States seek easy power project norms

Mumbai, Mar 30 | Updated: Mar 31 2007, 05:30am hrs
States that are willing to back private investments in mega-power projects with generation capacities of a minimum 1,000 mw or more want the power ministry to remove anomalies in bidding norms. At least 10 states have said adding capacities of 15,000 mw will be possible if the private sector invests in such projects with states acting as facilitators.

The states have argued that according to the power ministrys guidelines notified on January 19, 2005, the timeframe for the bid process extends up to 425 days. But, if more than one distribution licensee in different states intend to buy power and if the preparations for such projects are being facilitated by the Centre, the timeframe is only 270 days. This, the states feel, will unnecessarily delay project-implementation and hike costs.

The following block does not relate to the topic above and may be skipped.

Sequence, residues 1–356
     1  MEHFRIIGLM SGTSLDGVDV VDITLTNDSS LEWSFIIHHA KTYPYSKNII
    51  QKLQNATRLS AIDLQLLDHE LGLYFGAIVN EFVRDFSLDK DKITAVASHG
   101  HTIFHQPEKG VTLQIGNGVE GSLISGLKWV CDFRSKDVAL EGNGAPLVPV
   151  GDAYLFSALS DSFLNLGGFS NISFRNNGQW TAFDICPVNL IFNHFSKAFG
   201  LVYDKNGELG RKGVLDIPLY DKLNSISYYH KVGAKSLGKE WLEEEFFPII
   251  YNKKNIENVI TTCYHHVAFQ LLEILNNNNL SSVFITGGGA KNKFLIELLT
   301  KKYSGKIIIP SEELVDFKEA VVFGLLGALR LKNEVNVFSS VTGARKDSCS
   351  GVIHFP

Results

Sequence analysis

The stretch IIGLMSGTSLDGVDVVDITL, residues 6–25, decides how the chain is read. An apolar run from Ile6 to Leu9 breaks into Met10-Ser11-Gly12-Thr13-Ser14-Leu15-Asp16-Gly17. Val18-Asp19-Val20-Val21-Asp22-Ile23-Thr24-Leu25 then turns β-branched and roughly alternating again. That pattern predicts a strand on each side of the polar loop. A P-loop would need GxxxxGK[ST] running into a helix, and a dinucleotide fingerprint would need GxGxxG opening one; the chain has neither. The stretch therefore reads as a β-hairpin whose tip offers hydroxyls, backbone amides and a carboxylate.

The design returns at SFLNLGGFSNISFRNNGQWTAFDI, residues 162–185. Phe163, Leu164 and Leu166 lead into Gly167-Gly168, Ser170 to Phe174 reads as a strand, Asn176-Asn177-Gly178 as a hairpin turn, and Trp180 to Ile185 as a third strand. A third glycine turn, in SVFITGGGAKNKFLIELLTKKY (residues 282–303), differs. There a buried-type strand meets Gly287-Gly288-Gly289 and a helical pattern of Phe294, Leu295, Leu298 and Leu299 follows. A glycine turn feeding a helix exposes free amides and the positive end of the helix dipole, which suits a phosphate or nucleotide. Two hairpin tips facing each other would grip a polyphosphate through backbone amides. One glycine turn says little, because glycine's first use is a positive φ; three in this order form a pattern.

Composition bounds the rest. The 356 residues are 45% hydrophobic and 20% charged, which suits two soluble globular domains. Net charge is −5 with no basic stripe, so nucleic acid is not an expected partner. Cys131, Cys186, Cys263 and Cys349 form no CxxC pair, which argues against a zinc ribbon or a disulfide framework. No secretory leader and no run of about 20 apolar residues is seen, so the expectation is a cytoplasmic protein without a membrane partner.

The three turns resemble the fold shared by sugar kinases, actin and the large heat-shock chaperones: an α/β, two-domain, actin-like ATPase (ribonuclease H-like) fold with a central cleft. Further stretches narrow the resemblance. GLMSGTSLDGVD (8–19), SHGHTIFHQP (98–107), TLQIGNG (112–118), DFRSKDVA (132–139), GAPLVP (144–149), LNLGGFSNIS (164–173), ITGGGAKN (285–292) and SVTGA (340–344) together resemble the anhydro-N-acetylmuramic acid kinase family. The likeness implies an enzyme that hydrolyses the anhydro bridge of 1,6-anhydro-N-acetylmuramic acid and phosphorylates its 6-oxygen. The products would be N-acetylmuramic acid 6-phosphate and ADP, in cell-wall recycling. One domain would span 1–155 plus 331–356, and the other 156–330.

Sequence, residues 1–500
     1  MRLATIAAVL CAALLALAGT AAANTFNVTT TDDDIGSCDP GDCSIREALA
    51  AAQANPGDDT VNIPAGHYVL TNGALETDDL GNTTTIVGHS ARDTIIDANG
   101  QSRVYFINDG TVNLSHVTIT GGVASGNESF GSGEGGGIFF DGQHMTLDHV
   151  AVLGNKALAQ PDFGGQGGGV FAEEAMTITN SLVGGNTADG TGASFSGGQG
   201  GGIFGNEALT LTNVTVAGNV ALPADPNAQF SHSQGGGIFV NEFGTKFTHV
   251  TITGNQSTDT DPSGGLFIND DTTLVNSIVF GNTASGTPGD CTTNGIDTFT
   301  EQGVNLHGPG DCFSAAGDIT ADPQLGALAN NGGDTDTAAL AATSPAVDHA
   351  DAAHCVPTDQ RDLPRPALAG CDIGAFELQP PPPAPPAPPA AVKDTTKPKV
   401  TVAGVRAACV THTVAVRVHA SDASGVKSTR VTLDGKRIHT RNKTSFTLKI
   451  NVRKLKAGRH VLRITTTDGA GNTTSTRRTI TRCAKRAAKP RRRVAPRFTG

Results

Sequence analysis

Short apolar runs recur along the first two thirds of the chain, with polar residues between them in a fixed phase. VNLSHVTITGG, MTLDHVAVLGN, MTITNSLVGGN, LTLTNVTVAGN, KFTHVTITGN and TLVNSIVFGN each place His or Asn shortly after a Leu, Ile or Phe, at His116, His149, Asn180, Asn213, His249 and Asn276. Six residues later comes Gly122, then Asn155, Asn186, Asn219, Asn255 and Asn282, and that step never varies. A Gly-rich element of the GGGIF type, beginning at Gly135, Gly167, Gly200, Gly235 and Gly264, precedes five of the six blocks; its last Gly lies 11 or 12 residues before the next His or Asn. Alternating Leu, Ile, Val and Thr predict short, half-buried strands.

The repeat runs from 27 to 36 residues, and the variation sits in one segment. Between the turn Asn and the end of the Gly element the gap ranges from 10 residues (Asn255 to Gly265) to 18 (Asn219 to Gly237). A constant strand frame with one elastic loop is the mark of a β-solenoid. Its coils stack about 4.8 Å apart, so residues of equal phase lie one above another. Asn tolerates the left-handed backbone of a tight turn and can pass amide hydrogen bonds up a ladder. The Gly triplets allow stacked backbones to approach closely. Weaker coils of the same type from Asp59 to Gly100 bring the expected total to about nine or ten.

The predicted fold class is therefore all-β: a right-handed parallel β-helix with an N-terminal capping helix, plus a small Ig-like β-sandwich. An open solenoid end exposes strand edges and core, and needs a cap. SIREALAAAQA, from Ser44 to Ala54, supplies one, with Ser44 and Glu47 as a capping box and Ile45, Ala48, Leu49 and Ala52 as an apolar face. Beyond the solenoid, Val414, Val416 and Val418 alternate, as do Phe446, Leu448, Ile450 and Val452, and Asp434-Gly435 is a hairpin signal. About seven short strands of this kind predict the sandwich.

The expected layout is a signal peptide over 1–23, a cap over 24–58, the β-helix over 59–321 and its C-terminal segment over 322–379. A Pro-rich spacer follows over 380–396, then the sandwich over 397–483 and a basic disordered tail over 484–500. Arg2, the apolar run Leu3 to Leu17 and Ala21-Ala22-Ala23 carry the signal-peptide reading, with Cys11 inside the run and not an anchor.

The Maharashtra government, which proposes to develop a 1,600-mw coal-based project at Dhopawe (Ratnagiri district) and a 1,040-mw gas-based one at Uran (Thane district) through competitive bidding, has taken the lead in drawing the ministrys attention. Sources told FE, States have strongly argued that there is no reason for such discrimination that leads to a delay of 155 days if one single distribution licensee, not assisted by the centre, were to initiate and complete the bid process. States have appealed to the ministry that the timeframe of 270 days be applied for he bid process.

As far as Maharashtra is concerned, sources said the state should be exempted form selling a certain percentage of power to another state, especially when it was reeling under an acute power shortage. Maharashtras peak shortage is well over 5,500 mw. Maharashtra has argued that allocation of power to other states from the upcoming Dhopawe and Uran projects, after they enjoy mega-power project status, will be unfair.